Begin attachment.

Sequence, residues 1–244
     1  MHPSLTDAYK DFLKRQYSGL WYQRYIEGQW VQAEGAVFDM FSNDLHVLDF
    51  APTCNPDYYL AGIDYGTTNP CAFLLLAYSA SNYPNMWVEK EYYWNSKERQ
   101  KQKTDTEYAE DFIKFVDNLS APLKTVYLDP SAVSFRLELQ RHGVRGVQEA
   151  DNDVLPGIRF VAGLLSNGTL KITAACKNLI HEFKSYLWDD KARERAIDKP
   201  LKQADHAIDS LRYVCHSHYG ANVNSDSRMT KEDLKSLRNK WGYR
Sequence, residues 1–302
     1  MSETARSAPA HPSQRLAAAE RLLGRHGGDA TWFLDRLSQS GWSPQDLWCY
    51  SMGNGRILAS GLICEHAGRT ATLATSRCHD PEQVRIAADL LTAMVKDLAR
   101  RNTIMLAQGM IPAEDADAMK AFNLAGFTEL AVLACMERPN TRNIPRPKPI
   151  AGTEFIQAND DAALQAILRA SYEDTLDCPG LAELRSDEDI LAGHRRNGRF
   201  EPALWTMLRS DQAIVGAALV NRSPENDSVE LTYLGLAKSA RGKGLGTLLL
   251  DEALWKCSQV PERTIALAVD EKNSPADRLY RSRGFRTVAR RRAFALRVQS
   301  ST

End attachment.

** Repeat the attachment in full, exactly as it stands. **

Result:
Sequence, residues 1–244
     1  MHPSLTDAYK DFLKRQYSGL WYQRYIEGQW VQAEGAVFDM FSNDLHVLDF
    51  APTCNPDYYL AGIDYGTTNP CAFLLLAYSA SNYPNMWVEK EYYWNSKERQ
   101  KQKTDTEYAE DFIKFVDNLS APLKTVYLDP SAVSFRLELQ RHGVRGVQEA
   151  DNDVLPGIRF VAGLLSNGTL KITAACKNLI HEFKSYLWDD KARERAIDKP
   201  LKQADHAIDS LRYVCHSHYG ANVNSDSRMT KEDLKSLRNK WGYR
Sequence, residues 1–302
     1  MSETARSAPA HPSQRLAAAE RLLGRHGGDA TWFLDRLSQS GWSPQDLWCY
    51  SMGNGRILAS GLICEHAGRT ATLATSRCHD PEQVRIAADL LTAMVKDLAR
   101  RNTIMLAQGM IPAEDADAMK AFNLAGFTEL AVLACMERPN TRNIPRPKPI
   151  AGTEFIQAND DAALQAILRA SYEDTLDCPG LAELRSDEDI LAGHRRNGRF
   201  EPALWTMLRS DQAIVGAALV NRSPENDSVE LTYLGLAKSA RGKGLGTLLL
   251  DEALWKCSQV PERTIALAVD EKNSPADRLY RSRGFRTVAR RRAFALRVQS
   301  ST